FOR MOST PEOPLE, HIKING means hitting a local trail on a weekend afternoon to enjoy a couple hours of scenic cardio, fresh air and perhaps solitude. But others crave a more all-consuming experience: a physically and mentally demanding – yet immensely rewarding – long-distance hike that takes them hundreds or thousands of miles through untamed wilderness and arduous terrain.
The best-known long-distance trails in the U.S. are the Appalachian Trail, which runs 2,180 miles from Georgia’s Springer Mountain to Mount Katahdin in Maine, and the Pacific Crest Trail, which snakes 2,650 miles from Mexico to Canada through the desert, deep forests and high peaks of California, Oregon and Washington. Scattered throughout the country are many other long trails, weaving through the Ozarks, running along the spine of the Rockies and linking some of the country’s most scenic national parks.
Shenandoah National Park, Virginia(GETTY IMAGES)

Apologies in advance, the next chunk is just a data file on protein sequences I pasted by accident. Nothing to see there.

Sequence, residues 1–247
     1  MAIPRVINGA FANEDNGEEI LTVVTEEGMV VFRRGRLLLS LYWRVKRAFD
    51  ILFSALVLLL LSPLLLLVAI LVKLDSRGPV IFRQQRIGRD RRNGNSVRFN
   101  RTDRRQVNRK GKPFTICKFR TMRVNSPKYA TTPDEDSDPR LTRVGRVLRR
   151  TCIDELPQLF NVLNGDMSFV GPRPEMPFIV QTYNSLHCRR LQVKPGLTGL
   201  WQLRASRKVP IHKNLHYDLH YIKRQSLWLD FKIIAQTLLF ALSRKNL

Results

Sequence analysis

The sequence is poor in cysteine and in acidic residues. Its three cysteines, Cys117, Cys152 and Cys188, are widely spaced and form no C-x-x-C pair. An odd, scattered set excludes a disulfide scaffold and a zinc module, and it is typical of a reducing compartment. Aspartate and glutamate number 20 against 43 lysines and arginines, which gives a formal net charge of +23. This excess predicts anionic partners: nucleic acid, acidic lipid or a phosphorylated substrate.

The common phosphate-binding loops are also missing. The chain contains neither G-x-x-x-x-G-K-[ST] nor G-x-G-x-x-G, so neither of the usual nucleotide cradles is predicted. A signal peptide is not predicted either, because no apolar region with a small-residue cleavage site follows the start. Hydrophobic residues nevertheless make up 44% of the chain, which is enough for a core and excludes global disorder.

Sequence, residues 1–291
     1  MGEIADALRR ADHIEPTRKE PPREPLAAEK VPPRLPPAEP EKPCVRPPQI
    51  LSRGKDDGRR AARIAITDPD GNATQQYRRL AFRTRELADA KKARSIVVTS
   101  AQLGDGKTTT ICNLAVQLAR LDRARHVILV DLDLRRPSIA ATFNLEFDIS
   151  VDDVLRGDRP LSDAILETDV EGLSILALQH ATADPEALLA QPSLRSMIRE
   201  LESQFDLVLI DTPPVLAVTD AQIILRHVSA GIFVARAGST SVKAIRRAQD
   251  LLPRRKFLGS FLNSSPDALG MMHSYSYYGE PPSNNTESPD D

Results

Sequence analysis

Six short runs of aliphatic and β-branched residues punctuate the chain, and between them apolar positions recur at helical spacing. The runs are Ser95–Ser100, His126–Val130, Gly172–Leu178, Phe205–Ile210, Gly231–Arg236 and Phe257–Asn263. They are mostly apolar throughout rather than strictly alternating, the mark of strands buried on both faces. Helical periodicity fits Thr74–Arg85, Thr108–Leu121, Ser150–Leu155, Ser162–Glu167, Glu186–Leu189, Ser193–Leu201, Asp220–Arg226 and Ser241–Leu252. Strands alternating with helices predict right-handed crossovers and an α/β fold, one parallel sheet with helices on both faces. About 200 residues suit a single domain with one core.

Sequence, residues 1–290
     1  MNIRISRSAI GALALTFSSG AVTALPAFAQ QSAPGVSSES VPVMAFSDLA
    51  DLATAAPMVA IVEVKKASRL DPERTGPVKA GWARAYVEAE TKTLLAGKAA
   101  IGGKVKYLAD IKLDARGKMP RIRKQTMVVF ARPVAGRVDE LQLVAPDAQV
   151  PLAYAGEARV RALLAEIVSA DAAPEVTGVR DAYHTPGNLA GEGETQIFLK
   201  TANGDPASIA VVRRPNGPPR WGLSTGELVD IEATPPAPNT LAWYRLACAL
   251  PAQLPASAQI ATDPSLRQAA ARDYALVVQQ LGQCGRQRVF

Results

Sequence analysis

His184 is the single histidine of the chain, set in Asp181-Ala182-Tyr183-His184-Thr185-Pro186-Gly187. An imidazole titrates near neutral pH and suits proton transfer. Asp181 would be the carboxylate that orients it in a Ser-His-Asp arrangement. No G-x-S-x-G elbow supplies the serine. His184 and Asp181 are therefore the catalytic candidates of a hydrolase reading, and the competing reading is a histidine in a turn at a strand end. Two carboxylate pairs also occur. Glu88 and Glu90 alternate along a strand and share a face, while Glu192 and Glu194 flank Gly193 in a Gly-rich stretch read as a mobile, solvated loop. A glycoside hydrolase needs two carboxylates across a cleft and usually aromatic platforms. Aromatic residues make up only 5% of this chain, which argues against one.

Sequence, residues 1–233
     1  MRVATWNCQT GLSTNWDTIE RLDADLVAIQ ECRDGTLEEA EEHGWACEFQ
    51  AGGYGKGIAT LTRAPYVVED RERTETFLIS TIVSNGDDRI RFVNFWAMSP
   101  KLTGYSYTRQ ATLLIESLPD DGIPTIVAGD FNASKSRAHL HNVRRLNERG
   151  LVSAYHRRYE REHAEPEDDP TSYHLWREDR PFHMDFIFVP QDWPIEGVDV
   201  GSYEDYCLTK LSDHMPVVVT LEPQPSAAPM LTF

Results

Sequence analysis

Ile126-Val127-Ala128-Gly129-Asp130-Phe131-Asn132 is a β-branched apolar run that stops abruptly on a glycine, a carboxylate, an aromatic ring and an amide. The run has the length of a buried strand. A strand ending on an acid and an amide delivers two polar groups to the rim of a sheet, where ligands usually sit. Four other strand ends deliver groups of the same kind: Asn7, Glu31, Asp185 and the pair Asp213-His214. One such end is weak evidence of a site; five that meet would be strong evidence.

Each year, between 1,800 and 2,000 hikers attempt to “thru-hike” the Appalachian Trail. Many start in Georgia in late March and early April with the goal of reaching the trail’s northern terminus by mid-October, according to Laurie Potteiger, information services manager with the Appalachian Trail Conservancy. People ages 5 to 81 have completed the trail, among them singles, retired couples, families with kids, people with disabilities, a Fortune 500 CEO and an astronaut. (A small number of adults over 70 and families with children have finished the journey, and there are special considerations for these groups.) “The interesting thing is that they have nothing in common except an overriding desire to hike the AT,” Potteiger says. “That’s the beauty of it. It brings such diverse people together … people from all over the world with all kinds of backgrounds and from different economic segments.”